Many people wonder how to choose an architect, we think it’s easy, here’s how…
Now I know that you’re thinking the next words to hit your eyeballs are going to be “Look no further, come and talk to Croft Architecture”. Of course you are more than welcome to talk to us for more detailed advice on how to choose an architect and we can answer your questions personally. However without exception not every project will be suitable for every practice of Architects. So how do you find the right Architect for you? Well read on for our easy steps on How to choose an Architect.
How to choose an Architect? ...
It may sound obvious but many people do not realise that the word ‘Architect’ is a legally protected title within the UK, and can only be used to describe those who are qualified and registered officially as Architects. Not everyone that provides architectural services are in fact Chartered Architects Practices, and nor are they necessarily required to be so in order to do what they do. This leaves the level of quality of service wide open.
While there are numerous architectural designers, plan drawers (or however they refer to themselves in a legally acceptable sense) that are fairly competent, there are many individuals that are not doing justice to the sector that they represent.
We as a profession recognise that these businesses are not qualified, nor are they upholding the standards of a RIBA Chartered Practice. The evidence is out there on many forums of people who have experience of them, and unwittingly describe them as Architects, and usually not in a flattering manner!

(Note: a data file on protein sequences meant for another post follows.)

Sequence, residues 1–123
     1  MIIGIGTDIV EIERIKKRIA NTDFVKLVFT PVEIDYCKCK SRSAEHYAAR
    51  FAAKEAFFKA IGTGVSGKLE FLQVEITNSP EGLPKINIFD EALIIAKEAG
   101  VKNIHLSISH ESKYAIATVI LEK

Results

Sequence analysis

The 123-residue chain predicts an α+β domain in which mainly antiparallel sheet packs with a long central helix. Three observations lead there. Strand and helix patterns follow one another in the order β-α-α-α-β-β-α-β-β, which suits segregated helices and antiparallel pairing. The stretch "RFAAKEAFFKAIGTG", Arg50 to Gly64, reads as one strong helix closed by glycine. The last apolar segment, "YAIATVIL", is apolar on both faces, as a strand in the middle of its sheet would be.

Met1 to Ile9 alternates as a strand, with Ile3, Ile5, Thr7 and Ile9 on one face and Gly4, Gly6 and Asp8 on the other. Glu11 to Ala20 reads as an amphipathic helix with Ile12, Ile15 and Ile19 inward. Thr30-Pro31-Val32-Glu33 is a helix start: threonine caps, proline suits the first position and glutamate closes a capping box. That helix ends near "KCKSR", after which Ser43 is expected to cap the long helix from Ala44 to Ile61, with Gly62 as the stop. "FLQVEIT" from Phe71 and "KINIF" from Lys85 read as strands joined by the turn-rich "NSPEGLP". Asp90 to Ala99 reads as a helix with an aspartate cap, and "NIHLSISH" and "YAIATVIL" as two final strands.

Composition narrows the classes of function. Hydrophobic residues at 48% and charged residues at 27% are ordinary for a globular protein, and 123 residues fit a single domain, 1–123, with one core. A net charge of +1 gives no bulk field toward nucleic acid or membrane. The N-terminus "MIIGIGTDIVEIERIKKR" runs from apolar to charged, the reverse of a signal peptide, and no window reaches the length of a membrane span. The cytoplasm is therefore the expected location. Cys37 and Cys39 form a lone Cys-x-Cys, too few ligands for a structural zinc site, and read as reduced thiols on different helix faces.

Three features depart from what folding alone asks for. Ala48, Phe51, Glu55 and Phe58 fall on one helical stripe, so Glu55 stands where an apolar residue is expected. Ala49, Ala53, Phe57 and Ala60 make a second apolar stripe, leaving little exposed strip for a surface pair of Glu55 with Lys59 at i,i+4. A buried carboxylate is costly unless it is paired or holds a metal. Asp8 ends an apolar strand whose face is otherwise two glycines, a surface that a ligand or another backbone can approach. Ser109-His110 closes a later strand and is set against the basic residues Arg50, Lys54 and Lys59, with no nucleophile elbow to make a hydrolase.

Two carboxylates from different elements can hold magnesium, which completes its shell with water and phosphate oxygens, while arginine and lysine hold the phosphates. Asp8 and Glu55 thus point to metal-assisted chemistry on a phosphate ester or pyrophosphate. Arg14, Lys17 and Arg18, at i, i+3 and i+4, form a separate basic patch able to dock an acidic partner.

When looking how to choose an Architect, we would always recommend that as a good starting point, choose a RIBA Chartered Practice because this assures you that as a minimum that practice upholds the ARB and RIBA codes of conduct.
These codes of conduct provide for levels of honesty and integrity, competence, and the professional manner in handling client relationships. They also include requirements to provide an appropriate level of professional indemnity insurance (PII) relevant to the size and complexity of the project, and a requirement to have clear and formal terms of appointment.
For those companies providing architectural services, which are not RIBA Chartered Practices, there are no such regulations in the conduct of the company, and as such no assurance on service quality.
RIBA Chartered Practices are listed within the RIBA directory, though you could just as easily do a web search for local Architects and see whether they have the RIBA Chartered Practice logo like the one at the header of this page, and then verify that they are in the directory thereafter.
Find out about the relevance of service.
The relevance of services provided is an essential consideration in how to choose an architect. Generally speaking a large multidisciplinary practice would not be suitable nor interested in undertaking home extensions and alterations. Likewise, a micro business would not really be suitable for a new multi-million pound London skyscraper, however much they might be interested!